18. The video image device of claim 17 wherein said deflection means includes:
an elongate deflection wire with a distal end and a proximal end, said distal end secured to the distal end of said optical probe means and disposed along said optical probe means and said proximal end disposed adjacent said body.
19. A device according to claim 17 in which said optical connector means comprises means whereby said probe means ay be rotated relative to said body.
20. A device according to claim 1 in which said probe means has a base on its proximal end and which further comprises connector means for detachably connecting said base to said body.
21. A device according to claim 20 in which said connector means comprises a groove in said body and a ridge on said base frictionally fitting in said groove.
22. A device according to claim 20 in which said connector means is magnetic.
23. A device according to claim 20 in which said optical connector means comprises a lens mounted on said base.
Description
BACKGROUND OF THE INVENTION

The present invention relates generally to an endoscopic apparatus, and more particularly to endoscopes having modular attachments and which are capable of multiple functions.

DESCRIPTION OF THE PRIOR ART

Endoscopy is a well known technique for viewing the internal region of a body not otherwise viewable. Such viewing is accomplished by introducing into the body an endoscope capable of optically communicating visual information regarding the interior of the body to a viewer or video imaging equipment. The endoscope typically is a long, slender body with an image capturing portion at one end (the distal end) and handle or other manipulating devices at the other end (the proximal end). The endoscope typically includes various lenses, a fiber optic cable, a light source, and a camera. The camera is often located in the proximal end since in many cases the camera is larger than the area into which a viewing device may be located (i.e., the camera is larger than the diameter of the endoscope body). The video imaging equipment includes various video processing devices, a video monitor and/or video recorder, which are capable of presenting video information received from the endoscope to a viewer. Thus, a video record of a relatively inaccessible region of the body could be viewed live or from recorded tape.

Advances in the microminiaturization of charge-coupled devices (CCDs), and similar solid state imaging hardware have made possible the reduction in size of the electro-optical endoscope. In addition, the wide variety of available shapes and configurations of endoscope bodies, and the development of flexible endoscopes, allow penetration into more convoluted interior regions of a body. The advent of monolithic CCD arrays and similar image hardware have also improved the image resolution attainable by endoscopic imaging techniques.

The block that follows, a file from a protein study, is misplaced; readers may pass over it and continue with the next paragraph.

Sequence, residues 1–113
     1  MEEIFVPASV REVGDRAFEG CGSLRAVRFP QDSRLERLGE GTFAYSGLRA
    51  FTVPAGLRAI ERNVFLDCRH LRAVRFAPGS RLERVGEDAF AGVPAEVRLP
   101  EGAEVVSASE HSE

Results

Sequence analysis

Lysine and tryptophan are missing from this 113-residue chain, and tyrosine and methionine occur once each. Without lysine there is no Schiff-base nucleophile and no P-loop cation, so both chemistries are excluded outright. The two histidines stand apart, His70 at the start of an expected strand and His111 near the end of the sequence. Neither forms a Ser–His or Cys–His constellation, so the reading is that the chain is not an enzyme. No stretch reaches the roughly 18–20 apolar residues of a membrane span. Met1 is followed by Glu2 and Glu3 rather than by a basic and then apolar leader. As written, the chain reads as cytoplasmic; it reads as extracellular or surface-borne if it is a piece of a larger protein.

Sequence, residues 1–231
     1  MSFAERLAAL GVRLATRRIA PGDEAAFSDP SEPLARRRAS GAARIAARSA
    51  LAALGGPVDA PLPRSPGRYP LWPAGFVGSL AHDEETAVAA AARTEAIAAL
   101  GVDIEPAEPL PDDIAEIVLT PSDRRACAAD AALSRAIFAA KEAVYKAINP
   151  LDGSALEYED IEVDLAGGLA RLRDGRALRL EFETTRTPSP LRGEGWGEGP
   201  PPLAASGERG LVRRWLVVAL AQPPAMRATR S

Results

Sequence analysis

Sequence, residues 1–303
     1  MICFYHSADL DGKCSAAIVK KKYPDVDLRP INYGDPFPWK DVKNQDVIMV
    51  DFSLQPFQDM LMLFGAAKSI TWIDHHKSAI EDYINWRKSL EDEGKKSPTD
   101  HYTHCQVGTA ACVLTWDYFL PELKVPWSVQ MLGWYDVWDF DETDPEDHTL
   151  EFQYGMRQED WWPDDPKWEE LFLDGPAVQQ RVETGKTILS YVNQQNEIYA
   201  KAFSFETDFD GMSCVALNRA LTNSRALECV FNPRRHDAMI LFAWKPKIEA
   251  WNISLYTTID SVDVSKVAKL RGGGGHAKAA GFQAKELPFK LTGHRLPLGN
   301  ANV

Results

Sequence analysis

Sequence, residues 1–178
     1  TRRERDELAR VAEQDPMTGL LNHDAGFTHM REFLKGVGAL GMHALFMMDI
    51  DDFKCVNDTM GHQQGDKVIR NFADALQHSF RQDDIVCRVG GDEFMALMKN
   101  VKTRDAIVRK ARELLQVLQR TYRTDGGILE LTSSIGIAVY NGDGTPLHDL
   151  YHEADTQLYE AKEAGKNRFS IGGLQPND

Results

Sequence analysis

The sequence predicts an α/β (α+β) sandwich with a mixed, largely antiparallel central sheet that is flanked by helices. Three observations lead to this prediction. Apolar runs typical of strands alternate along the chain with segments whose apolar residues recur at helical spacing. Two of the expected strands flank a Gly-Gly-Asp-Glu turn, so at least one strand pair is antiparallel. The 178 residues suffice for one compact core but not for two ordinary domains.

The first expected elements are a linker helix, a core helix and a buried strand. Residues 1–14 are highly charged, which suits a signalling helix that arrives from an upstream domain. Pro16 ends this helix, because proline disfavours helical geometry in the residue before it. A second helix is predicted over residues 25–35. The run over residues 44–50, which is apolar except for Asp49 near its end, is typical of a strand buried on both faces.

Endoscopes have found applications in a wide variety of disciplines, including dentistry, medicine, mechanical repair, aerospace applications, etc.--anywhere there is a need for remote viewing of a small, inaccessible region and/or recording what is seen. Often, activity is required in an area which is not directly viewable. For example, the medical practice of arthroscopic surgery, certain cardio-surgical procedures, etc., are done with remote instruments through the smallest possible opening in the patient. These procedures, which could not be accomplished without a clear view of the work area, are done using the required instruments in conjunction with an endoscope--the operation being done via a video monitor.

In the practice of dentistry, the X-ray machine has been the predominant imaging tool used to record and view dental and periodontal structure. Hand held tools having mirrored surfaces provide visual access by the dentist to many, but not all areas of the mouth not directly viewable. Such tools, of course, have the further limitation that they provide only a small image, and, were such desired, they offer no capability to provide a permanent record of what the dentist sees. U.S. Pat. No. 4,727,416 addresses the dental market with a dental camera which fits into the mouth.

Certain devices are finding their way into the market which allows a doctor to both view regions not directly viewable and to record and monitor any region within the patient. These devices are improving in versatility and accuracy, but still there are significant limitations in the state-of-the-art. For example, the existing art is incapable of providing for varying the field of view and/or angle of view of the device to suit different applications and needs, is incapable of providing adequate illumination of the imaging target area, cannot be adequately sterilized (to prevent cross-contamination), is incapable of rotatably presenting the image to vary the relative up/down orientation; etc.